200 Years of Australian Art at the Royal Academy: Connections Between Painting and the Spiritual Realm
From indigenous art through to ‘discovery’ by European explorers, the arrival of the first British settlers, dismay, denial and idealization, to acceptance, new understanding and redemption, this exhibition of Australian paintings at the Royal Academy in London took me on a journey through the spiritual heart of my own experience of this great continent.
As Russell Drysdale said, “In Australia there is a quality of strangeness that you do not find … anywhere else.”
Reviews of this exhibition have been mixed, with a lot of criticism levelled at it in the UK. But from the first painting of a convict settlement, neat, peaceful, well spaced out and idealized, through to the contemporary paintings struggling to reconcile the wounded history of cruelty, misunderstanding and conflict between aboriginal people and European colonial settlers, this exhibition was for me an opportunity to revisit and relive my own experience of four and a half years living in this great continent.
In particular a swirling picture by a Queensland artist of the rainforest-clad mountains near Brisbane seemed to reflect exactly my own experience of this beautiful landscape.
The indigenous artworks were particularly moving, with their distinctive use of rarrk – the cross hatched patterns characteristic of aboriginal artists, as they depict rain running down dunes, undulating landscapes, waterholes and trees and spirit ancestors, believing that we tread the earth for a while then come out of it and become part of the ancestral realm again.
Two phrases seemed to touch the heart of this exhibition : “access to” and “isolation from”. Both of these were exemplified in a painting by John Brack, The Car (1955) which I couldn’t help responding to with amusement and yet behind it lay a profound resonance: a family in an ugly cheap car, out for a day trip, the father at the wheel, the mother smiling, the two children in the back staring straight at you, the viewer… and behind them the vastness of the Australian landscape.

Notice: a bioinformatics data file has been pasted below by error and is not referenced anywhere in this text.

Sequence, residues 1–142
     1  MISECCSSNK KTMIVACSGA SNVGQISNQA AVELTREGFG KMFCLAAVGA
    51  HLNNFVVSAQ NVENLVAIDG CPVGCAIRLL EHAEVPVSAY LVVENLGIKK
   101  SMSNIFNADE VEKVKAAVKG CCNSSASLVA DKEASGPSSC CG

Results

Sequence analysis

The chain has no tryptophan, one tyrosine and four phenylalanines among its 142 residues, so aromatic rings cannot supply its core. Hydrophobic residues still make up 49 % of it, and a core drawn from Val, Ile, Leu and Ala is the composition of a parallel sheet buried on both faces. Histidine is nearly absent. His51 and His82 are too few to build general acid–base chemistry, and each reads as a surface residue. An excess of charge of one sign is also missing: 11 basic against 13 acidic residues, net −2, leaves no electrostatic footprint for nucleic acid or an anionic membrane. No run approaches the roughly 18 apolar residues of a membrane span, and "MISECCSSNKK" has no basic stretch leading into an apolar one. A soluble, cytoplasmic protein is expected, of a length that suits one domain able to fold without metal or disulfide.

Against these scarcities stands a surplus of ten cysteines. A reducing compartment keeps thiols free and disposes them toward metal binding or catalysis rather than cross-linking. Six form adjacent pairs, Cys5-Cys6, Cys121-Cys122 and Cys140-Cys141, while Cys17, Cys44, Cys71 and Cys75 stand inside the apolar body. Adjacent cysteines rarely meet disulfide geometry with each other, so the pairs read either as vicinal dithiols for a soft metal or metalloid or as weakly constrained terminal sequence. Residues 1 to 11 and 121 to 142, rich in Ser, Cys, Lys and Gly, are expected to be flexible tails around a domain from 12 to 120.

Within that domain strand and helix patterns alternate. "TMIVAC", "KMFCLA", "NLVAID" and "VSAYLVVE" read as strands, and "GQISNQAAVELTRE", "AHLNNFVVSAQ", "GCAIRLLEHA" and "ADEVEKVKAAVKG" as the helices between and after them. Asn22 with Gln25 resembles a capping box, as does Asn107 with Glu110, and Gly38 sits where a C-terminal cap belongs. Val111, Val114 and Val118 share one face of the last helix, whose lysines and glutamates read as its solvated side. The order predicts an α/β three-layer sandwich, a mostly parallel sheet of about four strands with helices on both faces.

And the picture “Australian Beach Pattern” by Charles Meere (1940) of the bronzed perfect bodies on the beach, men, women, children and babies, all strong, confident, was for me worryingly reminiscent of the kind of the pictures produced by artists in the Soviet Union as part of a propaganda campaign for the Soviet communist party. Yet later, the trauma of the Second World War affected the mood of optimism and this image was superseded by Albert Tucker with a painting of red,scorched hunks of flesh on another beach.
There was no painting of Sydney Opera House, my favourite of all buildings; but there was one by Grace Cossington Smith of Sydney Harbour Bridge being built, (“The Bridge in Building”, 1929) viewed from below, demonstrating pride, hope, creative enterprise, ingenuity, and above, beyond and around it a distinctly spiritual resonance.
The indigenous people of Australia were the ones who fully understand and imbued the earth with sacred forces. They were the ones who gave this continent its air of mystery and spiritual power. And yet I can,too, be thankful to those eighteenth century settlers, because they prepared the way so that I,and many others, might have access to the most sublime of scenery. Even now when I drive up a steep winding road I think “Mount Glorious” . And when I saw Kenneth McQueen’s picture I thought “Yes!” And my heart lifted. “Maiala Rainforest” – conveyed just as I experienced it and remember it now, in swirling patterns of movement.